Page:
We live in a secure property but concerned that they will use underhand tactics now.

 

I have also paid all the initial costs including the original court costs but NOT the bailiff fee's.

 

I have emailed a dispute to the Bailiffs but as yet no reply yet again.

 

If they come knocking shall I hand them a copy of the complaint which we emailed to their offices ?

Will this help ?

What can we do to put a final stop on this problem ?

Is it a case of taking the dispute to court or a couple of sharply written letters to their offices ?

 

The thought of them turning up with no notice is a constant concern and it would be great to stop them harassing us for fee's they cannot charge.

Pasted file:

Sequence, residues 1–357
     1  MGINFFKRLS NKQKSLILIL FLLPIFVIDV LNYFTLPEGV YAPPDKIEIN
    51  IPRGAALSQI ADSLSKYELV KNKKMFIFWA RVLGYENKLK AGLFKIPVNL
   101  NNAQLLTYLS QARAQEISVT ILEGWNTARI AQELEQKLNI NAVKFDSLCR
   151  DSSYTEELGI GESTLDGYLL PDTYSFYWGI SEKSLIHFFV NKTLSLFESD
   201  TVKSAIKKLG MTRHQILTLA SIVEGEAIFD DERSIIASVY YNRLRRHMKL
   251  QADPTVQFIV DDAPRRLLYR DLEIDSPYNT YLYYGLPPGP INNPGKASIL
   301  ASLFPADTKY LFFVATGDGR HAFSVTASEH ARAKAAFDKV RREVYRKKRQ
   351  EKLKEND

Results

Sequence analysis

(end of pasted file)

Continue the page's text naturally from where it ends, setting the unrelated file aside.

Look forward to your reply Fork-it and thank you for all your help .

Link to post
Share on other sites

Thanks Fork-it for all your help.

 

We have applied to the court for the cost order and are waiting for a repsonse.

In the meantime can the bailiffs force a window open if we are away from the property ?

 

No.

 

Breaking & entering is not allowed: Section 1 of the Criminal Damage Act 1971 and its an offence for a locksmith to use his tools to interfere with the locks without permission: Section 25 of the Theft Act 1968 http://www.statutelaw.gov.uk/content.aspx?activeTextDocId=1204238

 

We live in a secure property but concerned that they will use underhand tactics now.

 

I have also paid all the initial costs including the original court costs but NOT the bailiff fee's.

 

I dont see a problem with that, but the bailiff does has a right to start a civil claim against you for his fees provided he can prove he had actually done the work giving rise to thise fees: More: (see under Crime Fraud): http://www.publications.parliament.uk/pa/ld200607/ldhansrd/text/70420w0001.htm Also, bailiffs cannot lawfully levy just to recover his fees: